Liberty Bridge, Budapest

Hungary has signed the  'Protocol on provisional application of the Unified Patent Court Agreement'.

As we reported, on October 1, 2015 seven participating member states signed a protocol to the Agreement on a Unified Patent Court.  The protocol is significant for users of the new system since it makes it possible to have a sunrise period for opt-outs. The protocol is also significant for countries who have to implement the Agreement, since it allows some organizational and institutional aspects to be in place before the Agreement itself is in full force. Hungary was not among the signatories.

I just found out though, that about a week later, on October 7, 2015, Hungary has signed the protocol after all.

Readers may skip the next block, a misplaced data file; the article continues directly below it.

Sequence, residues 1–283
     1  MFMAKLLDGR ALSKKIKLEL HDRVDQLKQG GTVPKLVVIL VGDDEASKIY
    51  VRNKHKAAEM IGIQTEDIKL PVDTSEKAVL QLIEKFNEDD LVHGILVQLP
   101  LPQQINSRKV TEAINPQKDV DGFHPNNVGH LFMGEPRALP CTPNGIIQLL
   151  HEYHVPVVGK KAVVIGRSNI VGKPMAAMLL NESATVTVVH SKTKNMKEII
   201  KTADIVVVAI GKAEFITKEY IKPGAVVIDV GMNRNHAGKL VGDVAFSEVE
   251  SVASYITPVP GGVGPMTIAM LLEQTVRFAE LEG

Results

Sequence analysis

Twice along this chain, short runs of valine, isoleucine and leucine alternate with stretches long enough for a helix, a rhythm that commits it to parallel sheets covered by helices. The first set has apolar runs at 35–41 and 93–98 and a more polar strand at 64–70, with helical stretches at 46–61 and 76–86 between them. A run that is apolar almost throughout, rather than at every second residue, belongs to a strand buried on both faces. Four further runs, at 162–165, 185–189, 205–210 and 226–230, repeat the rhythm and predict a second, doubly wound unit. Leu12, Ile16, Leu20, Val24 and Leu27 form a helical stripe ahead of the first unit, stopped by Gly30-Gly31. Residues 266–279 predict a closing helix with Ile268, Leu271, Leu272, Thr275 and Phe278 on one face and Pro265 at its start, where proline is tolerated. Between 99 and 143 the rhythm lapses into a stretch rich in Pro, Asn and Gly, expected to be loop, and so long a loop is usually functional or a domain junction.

Previously, there had been indications that Hungary was getting less enthusiastic about the unitary patent, and not so long ago, a critical article appeared on Lexology, urging the Hungarian goverment to postpone adoption of the regime. Signing of this protocol seems to indicate that Hungary is nevertheless committed to go ahead with the unified patent court and unitary patent.

One of the aspects of the agreement that may be in force before the rest of the agreement, is Article 19. This article states that there will be a  Training Centre for European patent judges in Budapest. The centre already opened, but perhaps signing the protocol may be useful for this centre in some way?

The full list of signatories to the protocol at present are: Germany, Denmark, France, United Kingdom, Hungary, Luxembourg, Sweden, and Slovenia. The Netherlands have declared that they will sign the protocol as soon as it gets parliamentary approval for the unified patent court, i.e., as soon as it ratifies.